This method is also less expensive as it uses only about 10% of the soil a gardener would otherwise use in a traditional soil medium. Additionally, there is no need to purchase fertilizer since the bacteria and fish’s waste feeds the plants. It also reduces the chance of pest infestations, as there is no soil for them to hide in.
How to Set Up an Aquaponics System for Mint Plants
A wide variety of aquaponics tank designs on Amazon are out there for indoor herb gardens. They vary widely in size and shape, so the type of container used depends greatly on a gardener’s needs and preferences. One of the most important things to keep in mind when choosing an aquaponics setup is the desired location of the tank in the home.
Of course, as with mint planted in soil, a tank should be placed near a window for exposure to sunlight ranging from full sun to partial shade. However, this may not be best for fish kept in the tank. This is where a grow light comes in. Many tanks come with an attached grow light, while others do not – make sure to read up on the species you wish to inhabit your aquaponics tank to prepare.
The best fish species to keep an indoor aquaponics set up healthy and the mint happily growing are goldfish and tropical fish like suckermouth fish, cichlids, mollies, clown loaches and tetras. Pay attention to the variety of fish, though, because some can outgrow the tank pretty quickly.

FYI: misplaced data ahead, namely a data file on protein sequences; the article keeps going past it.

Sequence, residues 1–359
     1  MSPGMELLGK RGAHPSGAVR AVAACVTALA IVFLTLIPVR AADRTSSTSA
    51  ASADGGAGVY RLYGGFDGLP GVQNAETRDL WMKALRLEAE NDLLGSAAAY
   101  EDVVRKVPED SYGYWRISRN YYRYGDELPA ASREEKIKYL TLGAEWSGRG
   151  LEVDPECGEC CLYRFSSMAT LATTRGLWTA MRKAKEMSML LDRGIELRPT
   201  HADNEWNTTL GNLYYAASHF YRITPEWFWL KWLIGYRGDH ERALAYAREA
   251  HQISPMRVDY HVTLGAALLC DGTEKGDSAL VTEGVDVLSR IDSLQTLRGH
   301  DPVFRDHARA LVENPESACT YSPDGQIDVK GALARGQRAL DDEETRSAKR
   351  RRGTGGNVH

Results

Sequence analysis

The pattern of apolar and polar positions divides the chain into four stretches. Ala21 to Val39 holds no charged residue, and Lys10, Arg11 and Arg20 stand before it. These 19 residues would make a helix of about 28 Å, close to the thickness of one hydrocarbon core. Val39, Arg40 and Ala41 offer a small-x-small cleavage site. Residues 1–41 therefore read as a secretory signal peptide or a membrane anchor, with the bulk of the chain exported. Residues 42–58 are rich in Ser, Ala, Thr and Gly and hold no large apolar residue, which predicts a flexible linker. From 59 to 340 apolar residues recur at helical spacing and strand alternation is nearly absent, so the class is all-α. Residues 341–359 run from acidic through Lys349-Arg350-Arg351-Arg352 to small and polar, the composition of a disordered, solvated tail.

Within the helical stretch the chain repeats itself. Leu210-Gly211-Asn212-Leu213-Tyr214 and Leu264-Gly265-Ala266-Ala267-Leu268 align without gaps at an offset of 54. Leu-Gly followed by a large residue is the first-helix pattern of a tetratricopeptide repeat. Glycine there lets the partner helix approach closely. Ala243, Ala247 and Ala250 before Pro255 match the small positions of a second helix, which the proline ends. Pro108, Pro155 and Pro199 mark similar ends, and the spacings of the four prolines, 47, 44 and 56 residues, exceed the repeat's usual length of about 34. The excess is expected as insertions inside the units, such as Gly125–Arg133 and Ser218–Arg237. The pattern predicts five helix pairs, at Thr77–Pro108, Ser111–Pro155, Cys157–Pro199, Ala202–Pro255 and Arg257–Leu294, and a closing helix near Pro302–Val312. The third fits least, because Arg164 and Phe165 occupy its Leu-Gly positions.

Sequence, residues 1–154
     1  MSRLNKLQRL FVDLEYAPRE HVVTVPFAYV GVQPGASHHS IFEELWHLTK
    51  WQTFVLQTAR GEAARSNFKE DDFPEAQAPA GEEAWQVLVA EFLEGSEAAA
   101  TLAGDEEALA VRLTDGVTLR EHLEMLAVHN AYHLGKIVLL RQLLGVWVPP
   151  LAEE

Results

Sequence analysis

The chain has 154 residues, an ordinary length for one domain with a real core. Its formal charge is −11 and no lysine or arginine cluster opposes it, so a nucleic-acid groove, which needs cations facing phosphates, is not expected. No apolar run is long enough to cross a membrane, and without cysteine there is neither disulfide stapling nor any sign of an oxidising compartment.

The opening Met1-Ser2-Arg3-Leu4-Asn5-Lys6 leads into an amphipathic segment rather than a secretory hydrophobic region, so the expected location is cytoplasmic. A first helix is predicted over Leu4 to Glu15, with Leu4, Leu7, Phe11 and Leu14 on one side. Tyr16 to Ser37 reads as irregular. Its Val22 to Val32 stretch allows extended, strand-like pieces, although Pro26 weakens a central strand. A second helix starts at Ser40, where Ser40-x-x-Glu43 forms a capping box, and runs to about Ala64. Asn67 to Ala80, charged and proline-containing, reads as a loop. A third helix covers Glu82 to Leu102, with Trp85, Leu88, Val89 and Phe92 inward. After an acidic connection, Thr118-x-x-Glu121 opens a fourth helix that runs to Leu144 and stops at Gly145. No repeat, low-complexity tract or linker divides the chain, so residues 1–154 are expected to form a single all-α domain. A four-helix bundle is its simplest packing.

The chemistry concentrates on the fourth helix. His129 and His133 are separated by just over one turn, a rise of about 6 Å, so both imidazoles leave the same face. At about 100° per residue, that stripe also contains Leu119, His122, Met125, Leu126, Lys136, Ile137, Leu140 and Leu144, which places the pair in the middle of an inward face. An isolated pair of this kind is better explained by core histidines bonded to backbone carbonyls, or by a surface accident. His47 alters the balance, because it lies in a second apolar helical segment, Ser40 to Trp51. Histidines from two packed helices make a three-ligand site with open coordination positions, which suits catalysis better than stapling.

With this setup especially, be extra vigilant when it comes to pruning mint regularly. Remember that mint can easily take over a small container and outgrow the system and its grow light if not handled properly!
Common Pests of Mint
Of course, whether indoors or outdoors, one of the things that needs observed regularly is potential pests that can harm mint or any other plants in an indoor herb garden. Below is a table that outlines common pest species of mint and symptoms that can be used to identify their presence.
Although it may be expected that pests are more likely to attack plants outside, these pests are so small that they can infest a mint plant in exceptionally high numbers even indoors (especially aphids and spider mites).